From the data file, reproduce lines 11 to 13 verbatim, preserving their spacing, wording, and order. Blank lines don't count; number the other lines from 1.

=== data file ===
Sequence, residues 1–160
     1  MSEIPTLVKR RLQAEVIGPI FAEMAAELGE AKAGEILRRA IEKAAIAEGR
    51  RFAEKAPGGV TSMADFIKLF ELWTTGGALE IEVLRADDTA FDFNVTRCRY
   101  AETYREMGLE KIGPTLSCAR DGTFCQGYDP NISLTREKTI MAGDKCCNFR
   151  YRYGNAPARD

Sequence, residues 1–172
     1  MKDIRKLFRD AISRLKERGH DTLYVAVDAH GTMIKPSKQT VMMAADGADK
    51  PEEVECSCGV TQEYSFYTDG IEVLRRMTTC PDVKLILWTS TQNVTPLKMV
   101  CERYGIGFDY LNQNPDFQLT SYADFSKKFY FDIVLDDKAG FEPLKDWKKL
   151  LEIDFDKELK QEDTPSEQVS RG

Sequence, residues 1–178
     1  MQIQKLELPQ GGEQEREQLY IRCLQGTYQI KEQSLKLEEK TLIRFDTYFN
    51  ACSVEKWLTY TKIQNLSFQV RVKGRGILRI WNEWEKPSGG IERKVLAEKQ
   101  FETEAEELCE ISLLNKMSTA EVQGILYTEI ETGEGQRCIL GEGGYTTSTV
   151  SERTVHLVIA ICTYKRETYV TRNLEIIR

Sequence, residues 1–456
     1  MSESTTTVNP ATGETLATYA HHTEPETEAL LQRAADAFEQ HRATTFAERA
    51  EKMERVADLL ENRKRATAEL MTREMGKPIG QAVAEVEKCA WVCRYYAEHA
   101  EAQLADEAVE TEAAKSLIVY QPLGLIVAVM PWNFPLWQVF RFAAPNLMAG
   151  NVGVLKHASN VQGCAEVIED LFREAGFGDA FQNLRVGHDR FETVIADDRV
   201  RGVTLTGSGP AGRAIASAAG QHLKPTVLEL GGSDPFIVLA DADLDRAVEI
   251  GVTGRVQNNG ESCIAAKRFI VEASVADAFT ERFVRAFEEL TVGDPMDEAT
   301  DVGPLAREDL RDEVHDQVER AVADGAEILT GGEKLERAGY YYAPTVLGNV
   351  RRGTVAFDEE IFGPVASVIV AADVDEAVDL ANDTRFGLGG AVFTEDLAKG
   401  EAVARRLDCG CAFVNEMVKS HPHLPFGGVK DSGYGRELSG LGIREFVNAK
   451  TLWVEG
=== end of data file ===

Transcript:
Sequence, residues 1–178
     1  MQIQKLELPQ GGEQEREQLY IRCLQGTYQI KEQSLKLEEK TLIRFDTYFN
    51  ACSVEKWLTY TKIQNLSFQV RVKGRGILRI WNEWEKPSGG IERKVLAEKQ